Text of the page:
You are here
Pete Carroll has a Capitol idea
OLYMPIA, Wash. - Pete Carroll has a vision. He would like to change the vision for those youths growing up in neighborhoods where dying or going to jail seem to be the only alternatives.
The Seahawks’ coach took his message to the Washington state legislature on Wednesday, looking to generate additional financial support for A Better Seattle – which funds youth outreach activities in the greater Seattle area and is patterned after the A Better L.A. program he started while coaching at the University of Southern California.
“There’s a vision that we found in dealing with A Better L.A. that I know is here, too,” Carroll said. “Kids that are in these difficult situations feel like they’re either going to die or they’re going to go to jail. I used to listen to them tell me that time and time again.
“I would hear that and it finally hit me, that’s their vision and absolutely you’re right. That’s exactly what’s going to happen. It showed me how clear it was that we’re in the business of helping kids shape a new vision with hope.”
It’s that vision of refocusing those kids’ vision which led Carroll to hitting the end of the campaign trail. As he arrived at the Capitol, a 12th Man flag was being raised by 9-year-old Reid Larsen, who was wearing a Russell Wilson No. 3 jersey and a Seahawks hardhat.
Then, it was on to the House Chamber, where Carroll was greeted by a standing ovation. That was followed by visits to the Democratic and Republican caucus rooms, with the Democrats presenting Carroll with a Seahawks flag signed by each representative and Carroll reciprocating by giving caucus leader Eric Pettigrew a 12th Man Flag.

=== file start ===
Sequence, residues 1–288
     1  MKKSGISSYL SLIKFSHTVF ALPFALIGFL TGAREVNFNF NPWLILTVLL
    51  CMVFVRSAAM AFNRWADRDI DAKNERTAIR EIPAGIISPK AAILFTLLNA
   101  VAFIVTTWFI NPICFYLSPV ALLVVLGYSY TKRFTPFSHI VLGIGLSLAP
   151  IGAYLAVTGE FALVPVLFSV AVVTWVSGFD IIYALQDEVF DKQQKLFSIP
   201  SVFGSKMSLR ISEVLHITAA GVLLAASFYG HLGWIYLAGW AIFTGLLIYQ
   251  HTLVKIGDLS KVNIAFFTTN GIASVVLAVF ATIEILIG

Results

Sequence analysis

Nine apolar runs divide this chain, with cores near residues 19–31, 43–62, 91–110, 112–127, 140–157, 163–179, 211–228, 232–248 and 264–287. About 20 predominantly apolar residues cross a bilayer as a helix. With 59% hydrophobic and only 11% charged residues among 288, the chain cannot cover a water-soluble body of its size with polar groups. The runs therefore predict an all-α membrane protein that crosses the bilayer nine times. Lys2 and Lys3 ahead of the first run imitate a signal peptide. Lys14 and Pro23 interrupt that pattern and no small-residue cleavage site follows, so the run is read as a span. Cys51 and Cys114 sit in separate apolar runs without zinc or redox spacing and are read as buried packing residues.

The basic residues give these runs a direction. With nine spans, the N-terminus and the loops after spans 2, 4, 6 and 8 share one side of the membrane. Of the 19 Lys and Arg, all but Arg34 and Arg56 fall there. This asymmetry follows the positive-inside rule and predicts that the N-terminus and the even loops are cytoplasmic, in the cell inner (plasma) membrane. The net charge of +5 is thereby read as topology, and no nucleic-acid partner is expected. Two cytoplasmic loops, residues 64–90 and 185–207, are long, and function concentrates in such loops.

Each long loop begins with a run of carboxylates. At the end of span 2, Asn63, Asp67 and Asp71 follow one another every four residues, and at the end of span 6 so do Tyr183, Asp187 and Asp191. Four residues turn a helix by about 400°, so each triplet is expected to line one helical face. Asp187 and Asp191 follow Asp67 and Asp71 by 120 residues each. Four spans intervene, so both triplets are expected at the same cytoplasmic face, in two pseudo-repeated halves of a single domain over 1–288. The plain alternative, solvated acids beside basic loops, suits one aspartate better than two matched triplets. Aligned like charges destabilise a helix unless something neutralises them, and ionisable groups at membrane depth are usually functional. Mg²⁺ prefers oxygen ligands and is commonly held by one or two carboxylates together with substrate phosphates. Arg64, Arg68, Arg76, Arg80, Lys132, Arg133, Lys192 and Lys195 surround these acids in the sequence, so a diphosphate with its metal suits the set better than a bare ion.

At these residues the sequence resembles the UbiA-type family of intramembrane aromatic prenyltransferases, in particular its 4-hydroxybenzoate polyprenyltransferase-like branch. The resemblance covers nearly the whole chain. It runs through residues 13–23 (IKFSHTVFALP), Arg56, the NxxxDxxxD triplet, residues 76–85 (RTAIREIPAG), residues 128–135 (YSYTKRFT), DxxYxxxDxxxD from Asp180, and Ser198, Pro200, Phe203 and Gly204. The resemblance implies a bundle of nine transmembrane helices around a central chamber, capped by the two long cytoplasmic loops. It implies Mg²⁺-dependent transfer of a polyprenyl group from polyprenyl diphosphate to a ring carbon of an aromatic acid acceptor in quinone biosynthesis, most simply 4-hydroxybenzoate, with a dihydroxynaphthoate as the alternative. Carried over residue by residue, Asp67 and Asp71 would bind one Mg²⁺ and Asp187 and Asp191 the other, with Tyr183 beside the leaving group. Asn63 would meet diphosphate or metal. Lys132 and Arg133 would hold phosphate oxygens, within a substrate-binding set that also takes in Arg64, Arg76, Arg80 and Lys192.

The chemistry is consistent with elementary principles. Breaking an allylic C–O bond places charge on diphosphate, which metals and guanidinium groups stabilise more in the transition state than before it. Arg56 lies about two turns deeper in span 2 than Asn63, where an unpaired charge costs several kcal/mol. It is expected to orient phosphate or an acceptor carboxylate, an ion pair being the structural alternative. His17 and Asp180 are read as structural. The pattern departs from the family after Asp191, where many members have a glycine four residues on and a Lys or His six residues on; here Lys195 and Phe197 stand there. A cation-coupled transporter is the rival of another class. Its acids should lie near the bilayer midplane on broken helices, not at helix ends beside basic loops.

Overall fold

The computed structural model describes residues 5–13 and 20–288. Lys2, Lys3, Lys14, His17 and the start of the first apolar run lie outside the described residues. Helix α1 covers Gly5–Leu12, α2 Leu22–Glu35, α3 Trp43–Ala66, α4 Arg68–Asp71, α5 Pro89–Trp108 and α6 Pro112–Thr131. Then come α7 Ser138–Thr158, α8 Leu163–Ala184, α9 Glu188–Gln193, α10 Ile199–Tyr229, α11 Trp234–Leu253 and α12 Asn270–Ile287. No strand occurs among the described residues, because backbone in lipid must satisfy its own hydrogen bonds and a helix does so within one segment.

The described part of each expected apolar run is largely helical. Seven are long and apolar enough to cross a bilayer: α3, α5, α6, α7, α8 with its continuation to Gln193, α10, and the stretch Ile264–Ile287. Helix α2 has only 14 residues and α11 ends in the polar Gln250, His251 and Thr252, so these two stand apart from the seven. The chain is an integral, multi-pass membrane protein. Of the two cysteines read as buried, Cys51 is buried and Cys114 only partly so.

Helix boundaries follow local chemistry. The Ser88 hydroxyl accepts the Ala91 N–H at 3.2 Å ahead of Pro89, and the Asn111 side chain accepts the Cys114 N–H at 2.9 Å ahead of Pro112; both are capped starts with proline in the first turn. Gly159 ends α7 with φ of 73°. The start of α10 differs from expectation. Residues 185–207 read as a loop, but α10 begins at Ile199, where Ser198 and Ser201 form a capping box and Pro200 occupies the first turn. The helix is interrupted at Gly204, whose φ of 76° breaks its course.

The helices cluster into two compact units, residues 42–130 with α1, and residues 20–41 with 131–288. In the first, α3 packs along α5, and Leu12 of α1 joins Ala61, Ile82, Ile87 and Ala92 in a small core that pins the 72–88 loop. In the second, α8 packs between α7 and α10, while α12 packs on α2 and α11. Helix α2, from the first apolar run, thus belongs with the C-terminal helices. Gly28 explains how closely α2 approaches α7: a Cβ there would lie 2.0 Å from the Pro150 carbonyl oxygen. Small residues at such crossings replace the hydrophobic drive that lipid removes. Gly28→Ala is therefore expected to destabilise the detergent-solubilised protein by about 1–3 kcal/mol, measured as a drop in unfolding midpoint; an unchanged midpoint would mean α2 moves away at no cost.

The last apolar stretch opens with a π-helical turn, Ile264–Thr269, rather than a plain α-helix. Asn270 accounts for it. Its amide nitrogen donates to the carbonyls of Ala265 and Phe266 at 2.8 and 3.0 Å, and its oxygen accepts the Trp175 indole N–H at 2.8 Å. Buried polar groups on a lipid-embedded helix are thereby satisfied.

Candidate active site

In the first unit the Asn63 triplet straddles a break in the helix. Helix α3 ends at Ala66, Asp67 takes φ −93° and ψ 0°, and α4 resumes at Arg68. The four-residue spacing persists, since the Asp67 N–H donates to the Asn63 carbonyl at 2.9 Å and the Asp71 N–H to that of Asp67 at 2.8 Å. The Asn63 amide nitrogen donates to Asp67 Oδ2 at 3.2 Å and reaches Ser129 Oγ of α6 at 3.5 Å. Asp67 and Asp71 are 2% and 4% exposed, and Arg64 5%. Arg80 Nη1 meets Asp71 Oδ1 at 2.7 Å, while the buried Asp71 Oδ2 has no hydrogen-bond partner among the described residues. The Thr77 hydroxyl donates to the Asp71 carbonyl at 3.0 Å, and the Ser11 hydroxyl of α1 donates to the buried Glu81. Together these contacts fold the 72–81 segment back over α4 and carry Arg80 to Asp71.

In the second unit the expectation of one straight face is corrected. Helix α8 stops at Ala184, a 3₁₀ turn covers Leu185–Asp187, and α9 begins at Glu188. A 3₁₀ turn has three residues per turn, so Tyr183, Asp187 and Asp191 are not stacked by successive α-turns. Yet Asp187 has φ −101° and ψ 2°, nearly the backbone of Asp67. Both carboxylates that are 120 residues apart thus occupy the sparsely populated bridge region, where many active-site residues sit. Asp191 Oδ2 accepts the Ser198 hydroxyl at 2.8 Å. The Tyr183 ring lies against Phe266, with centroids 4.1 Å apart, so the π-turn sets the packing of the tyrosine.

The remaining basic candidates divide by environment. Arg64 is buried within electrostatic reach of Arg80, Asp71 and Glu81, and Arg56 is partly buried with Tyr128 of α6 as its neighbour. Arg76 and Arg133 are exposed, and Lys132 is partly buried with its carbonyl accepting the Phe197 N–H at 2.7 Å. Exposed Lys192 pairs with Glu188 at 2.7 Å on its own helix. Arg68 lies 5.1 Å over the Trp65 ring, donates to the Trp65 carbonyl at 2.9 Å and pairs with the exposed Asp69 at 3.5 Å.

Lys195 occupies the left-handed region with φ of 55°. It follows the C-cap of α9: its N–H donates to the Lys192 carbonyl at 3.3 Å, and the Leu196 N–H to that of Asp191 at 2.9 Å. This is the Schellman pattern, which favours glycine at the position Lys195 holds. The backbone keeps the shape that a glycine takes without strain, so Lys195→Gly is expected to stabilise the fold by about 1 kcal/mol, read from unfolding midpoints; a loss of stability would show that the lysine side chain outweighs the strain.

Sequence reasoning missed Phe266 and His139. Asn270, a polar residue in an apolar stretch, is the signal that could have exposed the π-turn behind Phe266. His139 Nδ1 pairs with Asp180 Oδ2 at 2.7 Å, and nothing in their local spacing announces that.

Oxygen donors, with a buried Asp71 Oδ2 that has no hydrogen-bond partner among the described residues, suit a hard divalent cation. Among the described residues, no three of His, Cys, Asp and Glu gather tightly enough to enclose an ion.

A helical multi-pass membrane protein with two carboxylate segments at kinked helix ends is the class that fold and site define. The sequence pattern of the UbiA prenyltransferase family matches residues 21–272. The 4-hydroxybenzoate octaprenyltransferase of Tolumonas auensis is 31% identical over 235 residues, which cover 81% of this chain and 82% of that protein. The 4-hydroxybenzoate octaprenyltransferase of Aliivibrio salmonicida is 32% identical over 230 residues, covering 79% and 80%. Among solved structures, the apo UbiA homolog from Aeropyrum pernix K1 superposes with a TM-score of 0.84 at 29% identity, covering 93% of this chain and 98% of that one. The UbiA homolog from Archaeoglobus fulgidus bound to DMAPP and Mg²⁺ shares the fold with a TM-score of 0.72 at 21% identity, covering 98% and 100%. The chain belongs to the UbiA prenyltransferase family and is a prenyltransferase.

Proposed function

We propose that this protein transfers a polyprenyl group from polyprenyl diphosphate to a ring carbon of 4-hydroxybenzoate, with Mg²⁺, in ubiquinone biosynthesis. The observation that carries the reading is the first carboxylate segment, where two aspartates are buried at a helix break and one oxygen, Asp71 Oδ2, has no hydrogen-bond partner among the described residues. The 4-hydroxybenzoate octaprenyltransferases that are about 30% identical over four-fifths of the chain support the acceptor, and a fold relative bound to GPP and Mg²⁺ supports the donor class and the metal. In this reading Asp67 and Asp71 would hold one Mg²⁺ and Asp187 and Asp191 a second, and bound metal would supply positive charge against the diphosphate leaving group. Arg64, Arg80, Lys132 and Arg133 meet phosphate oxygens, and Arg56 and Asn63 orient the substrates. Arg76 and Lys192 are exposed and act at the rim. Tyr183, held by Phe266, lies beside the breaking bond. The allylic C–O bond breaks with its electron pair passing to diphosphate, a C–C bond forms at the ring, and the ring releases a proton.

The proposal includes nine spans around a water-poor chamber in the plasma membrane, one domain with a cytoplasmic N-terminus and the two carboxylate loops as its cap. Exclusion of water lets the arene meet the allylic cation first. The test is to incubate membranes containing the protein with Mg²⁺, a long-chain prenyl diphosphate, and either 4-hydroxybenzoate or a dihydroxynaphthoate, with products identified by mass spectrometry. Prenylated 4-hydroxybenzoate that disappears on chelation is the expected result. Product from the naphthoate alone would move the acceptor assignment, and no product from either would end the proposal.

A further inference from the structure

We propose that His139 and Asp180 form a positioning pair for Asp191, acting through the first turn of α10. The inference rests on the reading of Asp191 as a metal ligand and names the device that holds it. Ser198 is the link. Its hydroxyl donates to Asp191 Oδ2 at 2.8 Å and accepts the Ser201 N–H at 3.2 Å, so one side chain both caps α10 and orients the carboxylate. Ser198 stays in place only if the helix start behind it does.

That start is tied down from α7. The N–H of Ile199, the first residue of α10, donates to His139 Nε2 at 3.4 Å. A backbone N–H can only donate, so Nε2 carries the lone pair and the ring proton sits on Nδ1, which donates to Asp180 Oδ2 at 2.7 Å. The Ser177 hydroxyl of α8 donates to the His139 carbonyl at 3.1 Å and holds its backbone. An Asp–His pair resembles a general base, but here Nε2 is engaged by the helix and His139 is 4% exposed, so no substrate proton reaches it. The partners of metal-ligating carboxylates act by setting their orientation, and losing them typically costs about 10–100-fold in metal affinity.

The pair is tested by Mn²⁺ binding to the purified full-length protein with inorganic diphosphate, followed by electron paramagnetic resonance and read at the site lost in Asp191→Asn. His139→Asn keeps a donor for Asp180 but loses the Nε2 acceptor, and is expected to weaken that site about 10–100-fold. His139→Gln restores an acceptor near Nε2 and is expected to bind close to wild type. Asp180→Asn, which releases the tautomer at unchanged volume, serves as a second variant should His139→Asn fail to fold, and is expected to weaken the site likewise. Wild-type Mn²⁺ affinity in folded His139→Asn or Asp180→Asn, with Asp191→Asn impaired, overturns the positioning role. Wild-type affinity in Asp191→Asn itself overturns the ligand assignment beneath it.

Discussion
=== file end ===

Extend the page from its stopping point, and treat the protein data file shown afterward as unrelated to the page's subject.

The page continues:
From there, it was on to the office of Gov. Jay Inslee, which was followed by a visit to the Senate chamber and a final visit to the office of Sen. Rodney Tom.
At each stop, Carroll’s message and setup were the same. He began by talking about the success of the Seahawks’ 2012 season before transitioning seamlessly into his message of helping at-risk kids find success in their lives.
“I’m fired up about our football team, but we’re here for a different reason today,” Carroll said. “We’re hoping to continue to spread the message and save some lives and save some families.”
Carroll also retold the story of how A Better L.A. got started. He recalled the Monday he was driving to work at USC and heard on the radio that four youths had been shot and killed over the weekend in gang-related issues.
“On Tuesday, it was two more kids and then three more kids,” Carroll said. “But Thursday, it was 11 kids that had died in related issues.”
Carroll had always wanted to do something to help these kids where violence is part of their daily life. That proved to be the impetus.
“We didn’t know what to do, so we called a meeting – kind of like this,” he told the Democratic caucus. “We got the word out that we wanted to talk about what’s going on. We didn’t know what we were, who we were; we had no idea what we were going to get done.”
One meeting led to another. Getting more influential people onboard led to others getting involved.
The talk turned to action, which prompted reactions.